For instance, the ministry for petroleum & natural gas has not made any fresh allocation of natural gas from domestic fields to the city gas sector. The ministry insists that allocations have not been stopped and providing more for the sector would lead to cut in supplies to industries like power and fertiliser. But, despite rising demand, current supplies are at March 2021 demand level, despite a decision of the Union Cabinet to give 100 per cent gas supply under ‘no cut’ priority to the city gas distribution sector. As a result, city gas operators are buying high priced imported LNG to make up for the shortfall, leading to a spike in prices.

 New dilemma 

This is where the government’s dilemma lies. By earmarking more for city use, the fertiliser industry faces a cut, forcing it to pay a higher blended price to make the nitrogen-rich products like urea that boost the crop output. With food shortages owing to climate change and geopolitical disruptions intensifying across the world, the only hope for India is that its farmers would feed the country with decent harvests for which fertilisers are a must. 

But the cost of urea supplied to farmers is subsidised and the taxpayer ends up paying for it. Indeed the fertiliser subsidy bill this year could touch a record Rs1.9 lakh crore, according to a Crisil estimate, warranting a reworking of Centre’s fiscal math. Finance Minister Nirmala Sitharaman had budgeted for a subsidy bill of Rs1.05 lakh crore. While gas prices will inflate the cost of urea production, the war in Ukraine will impact the non-urea fertiliser segment. Russia, Ukraine and Belarus are major suppliers of non-urea fertilisers. 

Gas-based economy

In pursuit of the government’s goal, the NITI Aayog recently proposed complete marketing and pricing freedom to all natural produced in the country, including nominated gas fields. The planning body is batting for selling all natural gas through the Indian Gas Exchange (IGX), the country’s first such exchange, where the buyer and seller can decide on prices in a transparent manner. The move, once cleared by the government, will be advantageous to companies like ONGC and Oil India, sitting on a majority of nominated gas fields.

NITI Aayog’s plans also recommend the creation of a special purpose vehicle, with a pool of funds to be created by state-run companies and equal share by the government to boost the exploration sector. This may also include the engagement of an international partner as an executing agency. On successful exploration, this partner may be given participating interest in the block. This pooling of funds is to reduce risk by only one company.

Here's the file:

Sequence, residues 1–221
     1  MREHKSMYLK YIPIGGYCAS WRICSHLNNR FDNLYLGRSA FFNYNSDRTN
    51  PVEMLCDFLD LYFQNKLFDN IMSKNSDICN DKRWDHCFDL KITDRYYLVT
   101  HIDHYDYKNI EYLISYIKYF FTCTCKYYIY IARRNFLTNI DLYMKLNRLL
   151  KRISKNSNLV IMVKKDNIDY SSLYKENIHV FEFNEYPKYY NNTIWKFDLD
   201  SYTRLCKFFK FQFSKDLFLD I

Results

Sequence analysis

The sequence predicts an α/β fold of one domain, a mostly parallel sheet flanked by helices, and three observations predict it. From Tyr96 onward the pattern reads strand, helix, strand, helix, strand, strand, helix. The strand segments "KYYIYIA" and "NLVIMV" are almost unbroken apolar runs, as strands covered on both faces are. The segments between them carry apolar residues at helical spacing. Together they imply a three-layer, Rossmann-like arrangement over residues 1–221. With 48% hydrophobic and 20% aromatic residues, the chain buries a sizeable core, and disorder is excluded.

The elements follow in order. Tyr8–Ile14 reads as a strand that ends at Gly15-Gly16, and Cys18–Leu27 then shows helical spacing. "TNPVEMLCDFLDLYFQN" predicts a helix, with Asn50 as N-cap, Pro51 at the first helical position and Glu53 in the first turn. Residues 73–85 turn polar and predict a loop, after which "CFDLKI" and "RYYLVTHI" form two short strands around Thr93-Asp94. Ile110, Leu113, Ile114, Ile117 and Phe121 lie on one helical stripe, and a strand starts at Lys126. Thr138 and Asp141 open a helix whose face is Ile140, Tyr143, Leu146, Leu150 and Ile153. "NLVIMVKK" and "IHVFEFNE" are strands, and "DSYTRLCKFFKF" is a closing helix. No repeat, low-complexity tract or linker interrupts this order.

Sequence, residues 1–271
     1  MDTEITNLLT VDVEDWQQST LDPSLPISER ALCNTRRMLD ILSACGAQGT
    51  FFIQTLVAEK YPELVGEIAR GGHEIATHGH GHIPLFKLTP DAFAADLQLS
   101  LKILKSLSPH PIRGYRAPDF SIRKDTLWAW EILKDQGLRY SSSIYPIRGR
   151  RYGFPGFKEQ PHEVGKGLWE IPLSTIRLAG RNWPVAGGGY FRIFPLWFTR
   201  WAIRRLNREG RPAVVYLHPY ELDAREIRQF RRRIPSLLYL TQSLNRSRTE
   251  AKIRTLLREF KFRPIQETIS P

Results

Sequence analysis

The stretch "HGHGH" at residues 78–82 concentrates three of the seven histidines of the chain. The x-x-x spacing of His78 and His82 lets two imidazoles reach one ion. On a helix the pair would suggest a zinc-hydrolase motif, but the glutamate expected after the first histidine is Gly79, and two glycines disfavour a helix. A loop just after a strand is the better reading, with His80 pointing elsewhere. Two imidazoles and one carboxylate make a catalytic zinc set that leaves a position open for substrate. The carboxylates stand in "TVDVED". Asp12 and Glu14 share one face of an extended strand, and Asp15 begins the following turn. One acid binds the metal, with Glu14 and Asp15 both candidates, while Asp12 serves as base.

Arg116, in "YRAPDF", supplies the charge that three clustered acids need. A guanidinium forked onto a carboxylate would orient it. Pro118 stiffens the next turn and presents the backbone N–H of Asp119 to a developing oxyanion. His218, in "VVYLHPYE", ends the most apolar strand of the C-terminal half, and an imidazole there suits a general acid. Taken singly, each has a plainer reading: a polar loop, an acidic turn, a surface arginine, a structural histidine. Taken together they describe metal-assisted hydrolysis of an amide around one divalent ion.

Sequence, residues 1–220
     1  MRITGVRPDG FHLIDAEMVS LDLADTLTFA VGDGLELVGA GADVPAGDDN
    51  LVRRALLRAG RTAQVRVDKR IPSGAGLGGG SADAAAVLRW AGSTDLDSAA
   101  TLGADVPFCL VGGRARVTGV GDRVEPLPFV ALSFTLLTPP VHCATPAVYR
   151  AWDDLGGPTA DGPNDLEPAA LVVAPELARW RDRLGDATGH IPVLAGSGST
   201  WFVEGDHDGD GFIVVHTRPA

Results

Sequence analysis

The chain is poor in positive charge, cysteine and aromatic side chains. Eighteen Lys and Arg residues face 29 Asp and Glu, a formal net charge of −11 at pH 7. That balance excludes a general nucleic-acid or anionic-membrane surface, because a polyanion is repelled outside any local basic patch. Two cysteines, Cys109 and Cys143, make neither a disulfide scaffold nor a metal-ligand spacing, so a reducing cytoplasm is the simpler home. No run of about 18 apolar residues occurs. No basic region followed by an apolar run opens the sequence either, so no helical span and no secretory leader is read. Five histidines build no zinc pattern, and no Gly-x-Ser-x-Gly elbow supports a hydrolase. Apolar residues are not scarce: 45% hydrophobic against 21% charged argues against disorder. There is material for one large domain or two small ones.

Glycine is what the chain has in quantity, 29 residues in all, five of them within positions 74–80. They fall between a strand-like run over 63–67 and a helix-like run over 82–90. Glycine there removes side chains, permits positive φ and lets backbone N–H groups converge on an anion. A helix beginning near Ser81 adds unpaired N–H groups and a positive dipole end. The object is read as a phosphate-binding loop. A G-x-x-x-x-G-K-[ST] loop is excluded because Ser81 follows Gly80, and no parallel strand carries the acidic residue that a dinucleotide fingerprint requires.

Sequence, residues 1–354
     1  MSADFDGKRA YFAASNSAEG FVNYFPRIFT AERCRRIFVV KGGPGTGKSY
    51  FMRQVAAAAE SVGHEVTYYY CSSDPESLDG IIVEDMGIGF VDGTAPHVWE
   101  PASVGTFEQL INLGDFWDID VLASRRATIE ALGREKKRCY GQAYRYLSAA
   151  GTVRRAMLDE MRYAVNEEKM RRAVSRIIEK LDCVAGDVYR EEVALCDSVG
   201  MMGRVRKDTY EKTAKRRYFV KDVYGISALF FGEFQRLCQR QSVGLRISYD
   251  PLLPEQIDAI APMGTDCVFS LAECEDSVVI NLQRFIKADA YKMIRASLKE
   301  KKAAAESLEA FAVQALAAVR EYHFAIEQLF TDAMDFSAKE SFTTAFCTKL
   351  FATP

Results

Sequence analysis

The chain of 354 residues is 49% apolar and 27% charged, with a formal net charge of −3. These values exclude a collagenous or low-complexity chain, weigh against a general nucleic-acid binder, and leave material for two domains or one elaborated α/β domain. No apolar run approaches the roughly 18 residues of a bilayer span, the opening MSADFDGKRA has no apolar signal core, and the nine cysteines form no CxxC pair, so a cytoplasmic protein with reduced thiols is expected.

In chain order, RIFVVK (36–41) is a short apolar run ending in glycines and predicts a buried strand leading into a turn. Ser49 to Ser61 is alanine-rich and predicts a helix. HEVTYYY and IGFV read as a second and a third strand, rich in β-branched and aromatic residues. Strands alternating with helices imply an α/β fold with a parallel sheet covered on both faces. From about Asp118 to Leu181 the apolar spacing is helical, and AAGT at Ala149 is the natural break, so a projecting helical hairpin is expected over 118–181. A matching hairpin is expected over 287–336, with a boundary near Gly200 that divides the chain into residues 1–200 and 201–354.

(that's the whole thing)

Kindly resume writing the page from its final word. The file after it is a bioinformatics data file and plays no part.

While the present notified gas price is $6.1 per mBtu, based on estimates, the break-even price for the ongoing and planned projects of ONGC are in the range of $5-9 per mBtu. R.S. Sharma, former CMD, ONGC, believes that the move will be helpful to not just ONGC and the nomination fields, but to the entire natural gas segment in the country. When all the natural gas produced in the country is sold on the IGX, it will boost domestic production.

There are concerns, however, within the government and outside around the free pricing, market-driven plans. Prashant Vasisht, vice-president & co-group head, ICRA, feels that they will impact the subsidy on fertilisers, already ballooning up due to the Ukraine war. The city gas segment, which is getting natural gas based on the Rangarajan formula, may also feel the squeeze. 

Apart from this, there are calls for overhauling the Rangarajan formula as it bases gas pricing at an average cost of importing LNG and rates prevailing at international hubs in the US and the UK, as well as the price of gas imported into Japan. Some experts feel that the formula is flawed, as gas prices in India cannot be fixed based on a formula that includes Japanese imports, as Japan is an importer of gas and not a gas trading hub.

 Inopportune time

However, while all these ideas are being floated and debated, India’s expansion of natural gas coverage to more than 90 per cent of its population and raising the share of natural gas in India’s energy mix to 15 per cent by 2030 from under 7 per cent now, as part of a plan to improve air quality, couldn’t have come at a more inopportune time politically.